Years ago I embarked on a journey. This was a journey to learn how to better use the web to listen. Not to collect data or fragments of chatter, but to very intentionally engage customers in intelligent conversational experiences that provide insight. Insight that drives better business decisions.
Listening and insight. That’s what started me on my way. Over these many years my company has developed some of the most powerful web interviewing tools for strategic listening.
But something was missing in this mission. Because insight, while noble, was still a means to a larger end. What was it? We use that insight to help our clients align better to the needs and aspiration of their customers. We use that insight to help companies better co-innovate with the customers. And we use that insight to help companies better convert that engagement into sales-ready leads.
But, and the end of the day, why? Simply to drive the topline?
Perhaps. But I began to notice that as we worked with our clients something more powerful began to happen. I saw our clients being empowered by this process, increasing their confidence and indeed, being transformed as they began to realize their power to become transformative. It’s been amazing to watch.
I have come to appreciate that this power of transformation is really the reason we listen. Listening in a way that provides us insight that allows us to act with confidence transforms who we are and what we can do. This process is life giving. It is a promise worth the journey.
Not long ago, in the course of a talk I was giving to a regional marketing association, I asked how many people were using Net Promoter Score (NPS) in marketing efforts with their clients.
So I asked how many knew what NPS was.
This surprised me, considering how long the Net Promoter Score has been around, and how effective it’s been demonstrated to be. In fact, I thought that it would be a staple of marketing jargon. Customers might not know about NPS, but marketing people?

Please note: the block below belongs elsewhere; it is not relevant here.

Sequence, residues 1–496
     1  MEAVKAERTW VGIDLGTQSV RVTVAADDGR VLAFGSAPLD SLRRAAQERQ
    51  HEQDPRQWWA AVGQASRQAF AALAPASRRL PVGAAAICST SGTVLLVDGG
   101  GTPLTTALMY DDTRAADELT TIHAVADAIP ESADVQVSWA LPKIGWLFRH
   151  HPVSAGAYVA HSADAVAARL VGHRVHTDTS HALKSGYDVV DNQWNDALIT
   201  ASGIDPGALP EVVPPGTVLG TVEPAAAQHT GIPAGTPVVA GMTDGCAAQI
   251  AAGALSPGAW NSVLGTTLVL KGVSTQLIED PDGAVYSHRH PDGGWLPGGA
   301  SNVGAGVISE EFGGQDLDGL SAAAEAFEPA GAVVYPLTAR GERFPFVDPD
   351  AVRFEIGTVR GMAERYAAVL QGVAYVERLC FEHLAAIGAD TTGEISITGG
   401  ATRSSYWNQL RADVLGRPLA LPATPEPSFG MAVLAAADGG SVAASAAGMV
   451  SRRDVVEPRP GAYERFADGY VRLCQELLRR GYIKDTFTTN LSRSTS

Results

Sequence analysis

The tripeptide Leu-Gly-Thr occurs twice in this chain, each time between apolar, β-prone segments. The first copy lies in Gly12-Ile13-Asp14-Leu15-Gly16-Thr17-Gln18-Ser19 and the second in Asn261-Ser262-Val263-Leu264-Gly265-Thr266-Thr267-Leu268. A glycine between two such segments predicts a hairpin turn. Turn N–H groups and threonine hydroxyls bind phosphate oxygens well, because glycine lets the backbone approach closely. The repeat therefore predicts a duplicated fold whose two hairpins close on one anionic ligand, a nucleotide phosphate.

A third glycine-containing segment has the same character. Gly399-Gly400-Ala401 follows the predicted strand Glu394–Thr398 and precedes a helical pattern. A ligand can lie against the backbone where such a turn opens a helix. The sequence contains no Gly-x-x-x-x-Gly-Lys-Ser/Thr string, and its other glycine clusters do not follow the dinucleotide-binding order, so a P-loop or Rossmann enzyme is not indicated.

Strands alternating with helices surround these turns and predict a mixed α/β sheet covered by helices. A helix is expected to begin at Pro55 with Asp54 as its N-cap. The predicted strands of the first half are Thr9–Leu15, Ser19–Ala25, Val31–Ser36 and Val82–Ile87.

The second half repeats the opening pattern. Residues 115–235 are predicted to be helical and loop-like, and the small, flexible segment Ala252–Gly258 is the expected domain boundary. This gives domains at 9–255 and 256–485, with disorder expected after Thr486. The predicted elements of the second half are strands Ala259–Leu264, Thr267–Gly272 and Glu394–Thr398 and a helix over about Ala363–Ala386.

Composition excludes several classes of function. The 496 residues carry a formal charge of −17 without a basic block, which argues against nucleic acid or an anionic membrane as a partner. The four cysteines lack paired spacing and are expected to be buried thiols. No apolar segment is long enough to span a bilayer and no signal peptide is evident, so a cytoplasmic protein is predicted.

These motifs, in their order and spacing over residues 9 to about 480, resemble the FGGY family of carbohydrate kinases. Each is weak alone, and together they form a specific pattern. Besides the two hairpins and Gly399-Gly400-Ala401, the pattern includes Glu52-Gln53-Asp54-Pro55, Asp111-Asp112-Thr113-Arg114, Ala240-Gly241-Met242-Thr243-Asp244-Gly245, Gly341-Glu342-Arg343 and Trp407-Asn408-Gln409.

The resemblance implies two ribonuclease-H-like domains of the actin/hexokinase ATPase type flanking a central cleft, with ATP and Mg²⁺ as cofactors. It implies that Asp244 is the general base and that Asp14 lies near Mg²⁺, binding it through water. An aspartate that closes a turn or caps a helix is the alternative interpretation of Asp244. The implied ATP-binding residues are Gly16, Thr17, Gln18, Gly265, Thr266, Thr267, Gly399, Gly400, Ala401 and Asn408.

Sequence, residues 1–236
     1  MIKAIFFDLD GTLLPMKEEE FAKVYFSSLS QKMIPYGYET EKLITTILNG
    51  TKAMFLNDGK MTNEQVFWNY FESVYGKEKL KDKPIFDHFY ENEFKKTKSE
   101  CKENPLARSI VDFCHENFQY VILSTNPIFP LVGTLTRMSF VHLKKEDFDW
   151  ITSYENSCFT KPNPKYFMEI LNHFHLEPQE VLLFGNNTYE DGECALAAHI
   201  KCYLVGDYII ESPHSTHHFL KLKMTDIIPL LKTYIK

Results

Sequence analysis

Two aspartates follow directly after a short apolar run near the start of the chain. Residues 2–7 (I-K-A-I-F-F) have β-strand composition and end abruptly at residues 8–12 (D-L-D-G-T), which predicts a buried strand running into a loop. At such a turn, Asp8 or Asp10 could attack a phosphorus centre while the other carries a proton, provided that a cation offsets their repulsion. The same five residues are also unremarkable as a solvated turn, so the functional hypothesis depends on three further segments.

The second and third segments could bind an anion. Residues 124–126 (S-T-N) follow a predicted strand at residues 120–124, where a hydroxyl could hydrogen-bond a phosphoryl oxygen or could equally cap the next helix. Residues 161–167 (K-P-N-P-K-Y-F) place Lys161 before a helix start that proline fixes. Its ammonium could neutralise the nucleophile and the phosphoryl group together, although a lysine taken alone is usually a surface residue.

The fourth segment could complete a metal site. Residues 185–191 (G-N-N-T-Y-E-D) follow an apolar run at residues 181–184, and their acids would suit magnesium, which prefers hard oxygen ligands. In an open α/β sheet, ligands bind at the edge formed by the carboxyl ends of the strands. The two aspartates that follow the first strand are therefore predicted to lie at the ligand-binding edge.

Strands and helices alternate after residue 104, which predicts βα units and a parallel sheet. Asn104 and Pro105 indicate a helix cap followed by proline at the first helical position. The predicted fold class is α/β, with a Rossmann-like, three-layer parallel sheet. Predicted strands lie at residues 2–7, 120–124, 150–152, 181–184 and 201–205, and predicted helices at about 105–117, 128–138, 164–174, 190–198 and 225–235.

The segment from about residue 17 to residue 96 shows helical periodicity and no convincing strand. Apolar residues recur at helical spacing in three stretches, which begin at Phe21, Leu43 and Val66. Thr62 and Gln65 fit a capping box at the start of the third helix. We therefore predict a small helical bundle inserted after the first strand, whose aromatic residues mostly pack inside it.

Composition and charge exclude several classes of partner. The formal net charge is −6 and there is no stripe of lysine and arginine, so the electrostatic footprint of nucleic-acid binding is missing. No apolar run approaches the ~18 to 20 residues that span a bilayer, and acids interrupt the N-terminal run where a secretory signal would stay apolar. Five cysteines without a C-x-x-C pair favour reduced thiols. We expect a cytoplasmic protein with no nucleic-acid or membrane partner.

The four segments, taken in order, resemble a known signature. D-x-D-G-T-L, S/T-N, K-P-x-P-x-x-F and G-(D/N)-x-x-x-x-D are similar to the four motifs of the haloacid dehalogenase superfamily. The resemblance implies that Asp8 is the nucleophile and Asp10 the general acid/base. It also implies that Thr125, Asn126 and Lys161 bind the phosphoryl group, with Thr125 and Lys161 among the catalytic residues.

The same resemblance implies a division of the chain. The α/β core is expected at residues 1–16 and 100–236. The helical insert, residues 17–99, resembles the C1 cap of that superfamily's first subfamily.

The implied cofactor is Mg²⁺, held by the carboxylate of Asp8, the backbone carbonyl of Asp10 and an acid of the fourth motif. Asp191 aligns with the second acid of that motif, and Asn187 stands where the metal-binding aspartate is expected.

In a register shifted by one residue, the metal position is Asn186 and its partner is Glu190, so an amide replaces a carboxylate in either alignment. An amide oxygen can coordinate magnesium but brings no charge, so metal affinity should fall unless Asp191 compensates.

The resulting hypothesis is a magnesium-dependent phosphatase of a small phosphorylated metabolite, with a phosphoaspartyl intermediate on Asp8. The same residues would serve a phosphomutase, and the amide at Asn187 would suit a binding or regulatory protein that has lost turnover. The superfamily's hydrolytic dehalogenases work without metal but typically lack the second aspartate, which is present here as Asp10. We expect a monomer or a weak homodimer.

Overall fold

I’ve written about NPS before. Here’s a very quick review from that post:
Just a reminder to non-marketing geeks: you get the Net Promoter Score by taking the percentage of people who are highly likely to recommend a company (Promoters), and subtracting those who are unlikely to (Detractors).
Understanding those promoters is the key to building your brand.
It’s up to us as marketing professionals to promote the use of NPS – the correct use – as actively as we can. I’ll talk more about how to do that in my next post.
In my previous post, I wrote about how the Portland software community was engaged through successive surveys, each smarter and more focused than the last. Okay, now they’re on board. But can you really measure the likelihood that an industry will succeed? Sure.
We use NPS for customer satisfaction analysis when we work for companies. It occurred to me – why not use it for entire industries? If people are passionate about their cluster, whether it’s the South Bend Tourism board or the California semiconductor industry, they’ll thrive, and NPS can measure that passion.
For our survey of the Portland software cluster, we asked if people would recommend Portland to an industry colleague as a place to do business. When we started, we had as many detractors as promoters – an NPS of 0%. That meant that if you talked to someone about the city, there was a good chance they would trash it. No wonder the software sector wasn’t going anywhere.
Six months later, the NPS is 23%. Our goal is to bring that to 40% over next 2 years, and we’ll make it. When we reach the goal, people will be fighting to put out their shingle here. Portland already has the talented people. Once they’re all brand evangelists for the city, it’s a done deal.
Just a reminder to non-marketing geeks: you get the Net Promoter Score by taking the percentage of people who are highly likely to recommend a company (Promoters), and subtracting those who are unlikely to (Detractors). Examples of companies with high NPS are Jet Blue, Verizon, and (surprise!) Apple. All did well in a market that hasn’t been easy on most companies and sectors. The Church asks:
Could it be that the customers of these NPS stars are recommending them at higher rates resulting in increased revenues? Seems reasonable enough.
It’s more than reasonable – it’s a reinforcement of what we’ve known for a long time: the long-term strategic impact of brand evangelism (brand evangelists are another term for promoters). When you understand the impact of your promoters, you start to move away from short-term quarter-to-quarter performance thinking to the long view: building an army of brand evangelists who do your marketing work for you.